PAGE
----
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Senate President Backs Allowing Voter-Approved Slots

Jeff Kubina

TALLAHASSEE — Amid a tangle of legal issues, Senate President Joe Negron on Tuesday signaled support for allowing slot machines in counties where voters have approved expanded gambling.

Voters in Duval and St. Lucie counties last month approved referendums to allow slot machines at pari-mutuel facilities, joining six other counties that had done so earlier.

But the lucrative machines have not started whirling in the counties as the gambling industry, regulators and lawmakers watch a case at the Florida Supreme Court and legal issues involving the Seminole Tribe of Florida.

At a breakfast meeting Tuesday with reporters, Negron said he thinks the Legislature should follow the will of voters if slot machines are approved in referendums.

"I'm not encouraging counties to do that, but if voters in a particular county approve more gaming opportunities, I think we should respect the decision of those citizens and those communities to shape the way they want their communities to look," Negron, R-Stuart said. "And we should honor that, rather than stand in the way of it and substitute our judgment for the judgment of the voters."

Under a 2004 constitutional amendment, slot machines are allowed at pari-mutuel facilities in Broward and Miami-Dade counties. But a closely watched lawsuit is pending at the Florida Supreme Court about whether pari-mutuels in other counties can offer the machines after voter referendums.

The Supreme Court heard arguments in June in the case, which involves Gretna Racing in Gadsden County and the interpretation of a 2009 gambling law. The case went to the Supreme Court after the 1st District Court of Appeal ruled that the pari-mutuel could not have slot machines without the authorization of the Legislature, despite county voters' approval.

Meanwhile, Gov. Rick Scott's administration has started trying to negotiate a revised gambling agreement, known as a "compact," with the Seminole Tribe that also deals with slot machines.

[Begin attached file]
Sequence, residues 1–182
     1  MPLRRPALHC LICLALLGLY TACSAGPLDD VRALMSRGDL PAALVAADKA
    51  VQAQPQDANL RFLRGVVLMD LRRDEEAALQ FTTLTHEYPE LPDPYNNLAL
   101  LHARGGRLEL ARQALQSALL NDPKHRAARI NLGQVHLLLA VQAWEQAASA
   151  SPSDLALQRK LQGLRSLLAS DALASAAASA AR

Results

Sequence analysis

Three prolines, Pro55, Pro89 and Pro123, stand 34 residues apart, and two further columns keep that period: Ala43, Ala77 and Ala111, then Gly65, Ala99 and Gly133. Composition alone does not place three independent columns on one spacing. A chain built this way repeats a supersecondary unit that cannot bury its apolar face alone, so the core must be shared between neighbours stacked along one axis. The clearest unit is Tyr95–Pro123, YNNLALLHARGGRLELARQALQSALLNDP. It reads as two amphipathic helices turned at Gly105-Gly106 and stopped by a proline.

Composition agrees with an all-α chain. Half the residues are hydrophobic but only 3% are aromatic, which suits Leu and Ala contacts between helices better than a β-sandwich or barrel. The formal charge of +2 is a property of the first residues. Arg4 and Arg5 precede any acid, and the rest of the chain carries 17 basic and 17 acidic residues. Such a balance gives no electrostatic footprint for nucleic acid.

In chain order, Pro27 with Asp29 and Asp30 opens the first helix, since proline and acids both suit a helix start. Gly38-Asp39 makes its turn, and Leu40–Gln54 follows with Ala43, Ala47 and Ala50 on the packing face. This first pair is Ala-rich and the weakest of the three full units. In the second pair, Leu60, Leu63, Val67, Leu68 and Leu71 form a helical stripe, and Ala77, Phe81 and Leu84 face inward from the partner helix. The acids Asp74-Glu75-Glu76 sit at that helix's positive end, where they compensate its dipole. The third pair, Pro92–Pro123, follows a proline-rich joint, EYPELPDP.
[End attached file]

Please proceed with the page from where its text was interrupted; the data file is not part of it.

Under a 2010 compact, the Seminole Tribe was given exclusive rights to offer certain games, including slot machines, in exchange for payments to the state. The state and the tribe have been locked in a legal battle about the expiration last year of part of the compact dealing with "banked" card games, such as blackjack.

A federal judge last month ruled that the state had violated the tribe's exclusive rights to offer those games, giving added impetus to the negotiations. But negotiations about a revised compact also could involve whether the tribe would have exclusive rights to offer slot machines outside of Broward and Miami-Dade counties — and how that would affect the counties where voters have approved referendums.

Representatives of the Scott administration and the tribe met early this month. But Gary Bitner, a tribe spokesman, declined Tuesday to provide details about the talks. "The Seminole Tribe is open to discussions and negotiations as part of its continuing desire to finalize a new gaming compact with the state of Florida, but the tribe prefers not to negotiate in the media," he said in a prepared statement.

Negron said Sen. Bill Galvano, a Bradenton Republican who is slated to become the next Senate president, will take the chamber's lead in discussions about the compact. If a deal is reached with the tribe, it would have to be approved by the Legislature.

Before moving to the Senate, Galvano was the House's chief negotiator when the Legislature signed off on the 2010 compact with the tribe. After Negron's meeting Tuesday with reporters, spokeswoman Katie Betta said the president thinks a solution can be reached to address the issues of the compact and the slots referendums.

"President Negron said at the breakfast that he cannot predict the final resolution of this issue at this juncture, but he does believe there is a way to strike a balance between the voter-approved slots and the (exclusivity) necessary for a compact with the Seminole Tribe," Betta said in an email.

Scott proposed a $3 billion, seven-year compact before the 2016 legislative session, but it did not pass. The issue is difficult politically for a number of reasons, including that the House has traditionally opposed expanded gambling.

But Negron indicated Tuesday that trying to address the issues will be a priority as lawmakers meet during the 2017 session.

"I think it's important that we explore the opportunity to ratify the compact and also be fair to the other participants in the gaming industry, the pari-mutuels and others that have longtime investments in the state, employ thousands of people, are important parts of the corporate communities that they represent," Negron said. "It's an important priority for me to try to have a compact ratified and to move forward on gaming, not only from a revenue point of view, but also from an industry predictability perspective."

Along with Duval, St. Lucie and Gadsden counties slots referendums have been approved in Brevard, Hamilton, Lee, Palm Beach and Washington counties.

"I think if the voters have approved it by referendum, I don't think the Legislature should stand in the way," Negron said.

Jim Saunders is the Executive Editor of The News Service Of Florida.
Dara Kam is the Senior Reporter of The News Service Of Florida.